damage Meaning in the Cambridge English Dictionary
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Meaning of “damage” in the English Dictionary

"damage" in British English

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damageverb [T]

uk   us   /ˈdæm.ɪdʒ/
B1 to ​harm or ​spoil something: Many ​buildings were badly damaged during the ​war. It was a ​scandal that damaged a lot of ​reputations.
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damagenoun

uk   us   /ˈdæm.ɪdʒ/
B1 [U] harm or ​injury: Strong ​winds had ​causedserious damage to the ​roof. Recent ​discoveries about ​corruption have doneserious damage to the company's ​reputation. The ​doctors were ​worried that he might have ​suffered brain damage.damages [plural] money that is ​paid to someone by a ​person or ​organization who has been ​responsible for ​causing them some ​injury or ​loss: The ​politician was awarded £50,000 in damages over ​falseallegations made by the ​newspaper. The ​police have been ​ordered to paysubstantial damages to the ​families of the two ​deadboys.
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(Definition of damage from the Cambridge Advanced Learner’s Dictionary & Thesaurus © Cambridge University Press)

"damage" in American English

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damageverb [T]

 us   /ˈdæm·ɪdʒ/
to ​harm or ​spoil something: Many ​buildings were ​badly damaged by the ​earthquake. News ​reports damaged the senator’s ​reputation.

damagenoun [U]

 us   /ˈdæm·ɪdʒ/
harm or ​injury: The ​fire did ​serious damage to the ​buildings. He ​sufferedbrain damage in the ​accident.
(Definition of damage from the Cambridge Academic Content Dictionary © Cambridge University Press)

"damage" in Business English

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damagenoun [U]

uk   us   /ˈdæmɪdʒ/
harm that is done to someone or something that makes them less ​successful: damage to sth/sb The ​firm was lucky to get away with little damage to its ​reputation.do/cause damage (to sth/sb) The ​pensionsscandal did a lot of damage to the Government's credibility.inflict damage on sth/sb Public ​relationsdisasters could inflict damage on the ​brand. The ​solicitors say their ​clients will ​hold the ​bankliable for any ​loss and damage suffered as a ​result of the ​arrangements. severe/irreparable/serious damage economic/​financial damage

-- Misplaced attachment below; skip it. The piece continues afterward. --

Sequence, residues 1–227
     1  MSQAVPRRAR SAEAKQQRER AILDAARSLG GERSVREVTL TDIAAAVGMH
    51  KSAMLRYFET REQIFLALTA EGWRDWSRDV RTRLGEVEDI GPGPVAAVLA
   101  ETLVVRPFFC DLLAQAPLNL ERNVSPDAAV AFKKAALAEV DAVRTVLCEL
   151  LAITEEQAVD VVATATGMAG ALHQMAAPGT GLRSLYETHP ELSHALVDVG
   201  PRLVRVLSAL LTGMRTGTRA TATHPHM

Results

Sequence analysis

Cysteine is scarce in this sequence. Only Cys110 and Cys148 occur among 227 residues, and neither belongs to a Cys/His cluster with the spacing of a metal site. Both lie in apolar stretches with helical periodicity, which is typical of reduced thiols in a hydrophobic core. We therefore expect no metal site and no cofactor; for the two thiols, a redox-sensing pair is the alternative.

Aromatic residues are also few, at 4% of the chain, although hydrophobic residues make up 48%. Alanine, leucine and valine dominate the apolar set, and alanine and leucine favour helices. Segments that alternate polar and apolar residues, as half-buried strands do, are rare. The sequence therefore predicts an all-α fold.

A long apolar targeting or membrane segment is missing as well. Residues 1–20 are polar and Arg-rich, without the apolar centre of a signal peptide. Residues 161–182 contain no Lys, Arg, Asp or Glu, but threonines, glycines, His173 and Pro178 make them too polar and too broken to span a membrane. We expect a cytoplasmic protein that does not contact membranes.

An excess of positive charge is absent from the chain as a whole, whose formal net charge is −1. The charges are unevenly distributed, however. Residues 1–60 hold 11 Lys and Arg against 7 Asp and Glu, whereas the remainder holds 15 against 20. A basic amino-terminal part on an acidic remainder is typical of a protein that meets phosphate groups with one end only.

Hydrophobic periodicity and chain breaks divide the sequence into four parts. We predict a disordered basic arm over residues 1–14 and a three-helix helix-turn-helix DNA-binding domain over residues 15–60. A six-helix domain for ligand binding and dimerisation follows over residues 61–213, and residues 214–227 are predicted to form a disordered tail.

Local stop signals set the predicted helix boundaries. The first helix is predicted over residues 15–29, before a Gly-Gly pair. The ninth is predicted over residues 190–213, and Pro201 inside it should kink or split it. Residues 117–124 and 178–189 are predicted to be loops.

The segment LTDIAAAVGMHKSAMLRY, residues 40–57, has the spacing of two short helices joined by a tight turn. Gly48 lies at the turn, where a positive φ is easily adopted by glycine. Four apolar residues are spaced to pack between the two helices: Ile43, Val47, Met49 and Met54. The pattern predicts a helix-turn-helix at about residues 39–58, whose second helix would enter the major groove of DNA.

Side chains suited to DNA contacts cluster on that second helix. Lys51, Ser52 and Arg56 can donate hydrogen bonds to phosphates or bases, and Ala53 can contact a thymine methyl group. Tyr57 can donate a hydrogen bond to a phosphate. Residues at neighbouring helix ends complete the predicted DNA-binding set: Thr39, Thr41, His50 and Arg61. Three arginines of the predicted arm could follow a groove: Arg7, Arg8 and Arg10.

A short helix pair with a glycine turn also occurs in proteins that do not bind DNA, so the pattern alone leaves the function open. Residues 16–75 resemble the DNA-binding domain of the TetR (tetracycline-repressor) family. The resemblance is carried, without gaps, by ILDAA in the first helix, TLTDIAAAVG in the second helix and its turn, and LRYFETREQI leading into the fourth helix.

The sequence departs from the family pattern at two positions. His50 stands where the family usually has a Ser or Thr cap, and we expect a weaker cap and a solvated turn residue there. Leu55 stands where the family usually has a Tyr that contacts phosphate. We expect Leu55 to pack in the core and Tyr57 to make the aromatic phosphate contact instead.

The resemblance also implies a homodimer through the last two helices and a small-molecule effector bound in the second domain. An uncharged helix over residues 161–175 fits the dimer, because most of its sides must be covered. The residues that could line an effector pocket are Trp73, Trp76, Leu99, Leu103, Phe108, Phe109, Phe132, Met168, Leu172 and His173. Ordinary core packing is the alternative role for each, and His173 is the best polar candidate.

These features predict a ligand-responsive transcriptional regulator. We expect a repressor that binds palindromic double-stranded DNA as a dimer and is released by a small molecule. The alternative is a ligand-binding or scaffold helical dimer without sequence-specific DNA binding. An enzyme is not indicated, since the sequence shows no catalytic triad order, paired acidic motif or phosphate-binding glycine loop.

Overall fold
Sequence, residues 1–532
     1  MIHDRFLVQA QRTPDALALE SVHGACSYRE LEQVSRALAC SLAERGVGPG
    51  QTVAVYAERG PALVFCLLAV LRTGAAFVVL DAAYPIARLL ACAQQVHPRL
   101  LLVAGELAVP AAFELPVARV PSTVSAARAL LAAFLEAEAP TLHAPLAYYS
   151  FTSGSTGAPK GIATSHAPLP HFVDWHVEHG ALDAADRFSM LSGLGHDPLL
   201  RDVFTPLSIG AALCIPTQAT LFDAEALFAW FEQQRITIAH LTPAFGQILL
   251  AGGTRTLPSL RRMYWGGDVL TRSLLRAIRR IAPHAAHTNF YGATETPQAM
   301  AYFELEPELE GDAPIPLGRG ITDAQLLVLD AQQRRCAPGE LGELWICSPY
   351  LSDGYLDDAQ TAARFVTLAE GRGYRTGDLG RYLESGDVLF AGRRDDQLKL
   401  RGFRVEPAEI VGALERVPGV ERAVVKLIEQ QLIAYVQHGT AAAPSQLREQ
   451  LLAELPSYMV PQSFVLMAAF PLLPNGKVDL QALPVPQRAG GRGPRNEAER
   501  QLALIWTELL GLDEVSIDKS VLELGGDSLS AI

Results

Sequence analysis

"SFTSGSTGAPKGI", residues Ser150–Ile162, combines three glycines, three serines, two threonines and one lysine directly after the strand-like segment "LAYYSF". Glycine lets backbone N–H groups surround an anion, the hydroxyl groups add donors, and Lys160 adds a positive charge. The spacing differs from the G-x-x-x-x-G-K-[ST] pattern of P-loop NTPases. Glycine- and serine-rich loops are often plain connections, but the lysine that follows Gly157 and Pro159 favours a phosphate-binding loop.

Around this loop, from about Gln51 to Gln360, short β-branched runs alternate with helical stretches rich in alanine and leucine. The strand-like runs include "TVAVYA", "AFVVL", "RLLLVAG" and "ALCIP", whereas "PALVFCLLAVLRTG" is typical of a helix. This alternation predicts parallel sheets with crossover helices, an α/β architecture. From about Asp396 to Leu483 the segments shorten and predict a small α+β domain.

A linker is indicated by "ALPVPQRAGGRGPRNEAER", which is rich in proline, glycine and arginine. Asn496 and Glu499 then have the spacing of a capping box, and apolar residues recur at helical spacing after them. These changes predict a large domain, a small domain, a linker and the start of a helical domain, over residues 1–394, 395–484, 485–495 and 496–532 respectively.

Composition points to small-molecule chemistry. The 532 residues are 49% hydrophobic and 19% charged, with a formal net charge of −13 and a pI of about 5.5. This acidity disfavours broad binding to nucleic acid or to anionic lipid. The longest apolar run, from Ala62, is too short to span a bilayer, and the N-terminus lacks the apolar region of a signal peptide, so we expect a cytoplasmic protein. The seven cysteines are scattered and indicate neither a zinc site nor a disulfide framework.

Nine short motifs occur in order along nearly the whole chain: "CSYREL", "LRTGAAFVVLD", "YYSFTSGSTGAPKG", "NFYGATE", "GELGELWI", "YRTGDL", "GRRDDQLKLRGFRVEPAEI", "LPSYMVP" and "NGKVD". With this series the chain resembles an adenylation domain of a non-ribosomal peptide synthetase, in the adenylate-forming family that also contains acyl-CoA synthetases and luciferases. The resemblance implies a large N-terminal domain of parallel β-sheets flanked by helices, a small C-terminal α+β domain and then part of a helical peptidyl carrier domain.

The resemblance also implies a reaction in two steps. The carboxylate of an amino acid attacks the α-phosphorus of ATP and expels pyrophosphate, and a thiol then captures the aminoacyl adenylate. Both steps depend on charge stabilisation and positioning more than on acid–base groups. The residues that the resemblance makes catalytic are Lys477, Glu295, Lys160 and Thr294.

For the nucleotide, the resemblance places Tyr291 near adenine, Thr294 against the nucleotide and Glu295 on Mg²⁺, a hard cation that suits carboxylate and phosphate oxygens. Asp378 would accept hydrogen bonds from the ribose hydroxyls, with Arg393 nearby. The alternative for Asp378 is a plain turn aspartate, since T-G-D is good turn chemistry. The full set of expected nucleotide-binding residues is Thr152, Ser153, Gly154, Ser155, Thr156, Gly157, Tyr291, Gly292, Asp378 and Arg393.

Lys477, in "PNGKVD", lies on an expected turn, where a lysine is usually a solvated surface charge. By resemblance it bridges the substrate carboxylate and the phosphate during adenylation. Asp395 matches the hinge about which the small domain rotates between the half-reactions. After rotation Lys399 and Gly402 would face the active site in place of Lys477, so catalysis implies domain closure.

physicalharm that is done to something: They ​asked their ​insurers to assess the damage so that they could make a ​claim.do/cause damage (to sth) The ​governmentestimates the damage done by the ​fires at millions of ​pounds. Roofs are most likely to suffer damage during a hurricane. storm/wind/water damage severe/irreparable/serious damage environmental/​structural damage
damages [plural] LAW money that a ​person or ​organization is ​ordered by a ​court of ​law to ​pay to another ​person or ​organization because they are ​responsible for ​harming them in some way: They want the ​rivalcompany to ​withdraw the ​product and pay damages.£140,000/$12 million, etc. in damages Juries have been handing out millions of ​dollars in damages for ​minorinjuries. A ​partyfailing to ​fulfil their ​part of the ​contract will presumably be liable for damages.award damages (to sb) In ​addition to the damages ​awarded to Robertson, his wife was ​awarded $500,000.claim/seek/sue for damages (for sth) He was ​seeking damages for ​breach of ​contract,.be awarded/receive/recover damages (for sth) If the ​odds of ​survivalfell because of a missed diagnosis, victims would be able to ​try to ​recover damages.
the damage is done harm has been caused and it is too late to ​change the ​situation: Even though he was acquitted, the damage was done.

damageverb [T]

uk   us   /ˈdæmɪdʒ/
to ​harm someone or something in a way that makes them less ​successful: The ​Chancellor is being urged not to take ​steps that could damage Britain's ​competitiveness. They feared that ​publicknowledge of the ​deal might damage them.seriously/severely/irreparably damage sb/sth He is ​suing his ​colleague on the ​grounds that her accusations severely damaged his ​reputation.
to physically ​harm something: People who are under-insured won't be able to ​rebuild if their homes are damaged by a hurricane.seriously/severely/irreparably damage sth The ​fire completely destroyed five ​buildings and severely damaged several more.
(Definition of damage from the Cambridge Business English Dictionary © Cambridge University Press)
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“damage” in Business English

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